What are the 5 toxidromes?
The most commonly encountered toxidromes are the: (a) anticholinergic, (b) cholinergic, (c) opioid, (d) sedative-hypnotic, and (e) sympathomimetic (also known as the adrenergic or stimulant) toxidromes.
Why are toxidromes important?
Toxic syndrome or toxidrome recognition is important because it provides a tool for rapid detection of the suspected cause and can focus the differential diagnosis to consideration of only a few chemicals with similar toxic effects.
Which signs and symptoms from the cholinergic toxidrome are the most life threatening?
Excess acetylcholine in the brain patients may cause headache, insomnia, giddiness, confusion, and drowsiness. More severe exposures may cause central depression resulting in slurred speech, convulsions, coma, and respiratory depression. Death can occur due to effects on the heart, respiration, and brain.
What medication is used for cholinergic crisis?
Two types of antidotes are used for a cholinergic crisis: atropine and oximes. Atropine does not have any effect on the nicotinic receptors. For the nicotinic effect in cholinergic crisis, the antidote is a class of drugs called the “oximes.” Examples of oximes are pralidoxime and obidoxime.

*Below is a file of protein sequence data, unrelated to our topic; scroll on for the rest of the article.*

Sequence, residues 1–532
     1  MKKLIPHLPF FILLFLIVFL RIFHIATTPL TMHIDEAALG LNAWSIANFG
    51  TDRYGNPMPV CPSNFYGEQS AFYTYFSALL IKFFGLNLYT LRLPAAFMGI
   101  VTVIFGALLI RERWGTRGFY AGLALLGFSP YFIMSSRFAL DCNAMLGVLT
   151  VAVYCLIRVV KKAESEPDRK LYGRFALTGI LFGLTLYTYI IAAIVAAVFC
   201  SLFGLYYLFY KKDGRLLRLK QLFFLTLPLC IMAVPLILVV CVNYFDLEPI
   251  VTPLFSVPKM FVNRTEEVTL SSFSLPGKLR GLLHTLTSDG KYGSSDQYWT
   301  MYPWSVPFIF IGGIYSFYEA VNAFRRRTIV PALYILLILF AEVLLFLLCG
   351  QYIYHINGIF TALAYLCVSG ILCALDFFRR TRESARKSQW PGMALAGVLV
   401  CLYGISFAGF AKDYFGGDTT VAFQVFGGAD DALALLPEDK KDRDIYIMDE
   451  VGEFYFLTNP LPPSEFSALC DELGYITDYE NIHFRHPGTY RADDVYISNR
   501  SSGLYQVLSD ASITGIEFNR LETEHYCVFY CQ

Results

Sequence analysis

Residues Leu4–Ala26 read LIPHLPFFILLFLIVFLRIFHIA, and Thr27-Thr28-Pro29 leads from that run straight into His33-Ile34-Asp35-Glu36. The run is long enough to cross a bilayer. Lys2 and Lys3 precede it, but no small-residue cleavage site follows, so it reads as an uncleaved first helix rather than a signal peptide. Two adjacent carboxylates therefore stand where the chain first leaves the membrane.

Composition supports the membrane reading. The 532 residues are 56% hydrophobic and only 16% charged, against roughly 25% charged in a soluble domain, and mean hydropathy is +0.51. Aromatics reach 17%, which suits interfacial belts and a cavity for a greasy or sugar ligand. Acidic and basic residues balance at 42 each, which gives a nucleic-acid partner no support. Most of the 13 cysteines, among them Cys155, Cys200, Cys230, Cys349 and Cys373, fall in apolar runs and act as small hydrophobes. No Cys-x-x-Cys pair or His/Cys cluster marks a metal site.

What do you mean by toxidromes?
Lystrup: The word toxidrome describes a group of signs and symptoms and/or characteristic effects associated with exposure to a particular substance or class of substances. Toxidromes are analogous to groups of symptoms associated with certain medical conditions.
How do you reduce anticholinergic effects?
The first step for a physician is to decrease the dose of the antipsychotic. Dose reduction may sometimes ameliorate the anticholinergic effects. Changing to an antipsychotic with a lesser anticholinergic profile can also prevent the continuation of symptoms.
How do you reverse anticholinergic effects?
The antidote for anticholinergic toxicity is physostigmine salicylate. Physostigmine is the only reversible acetylcholinesterase inhibitor capable of directly antagonizing the CNS manifestations of anticholinergic toxicity; it is an uncharged tertiary amine that efficiently crosses the blood-brain barrier.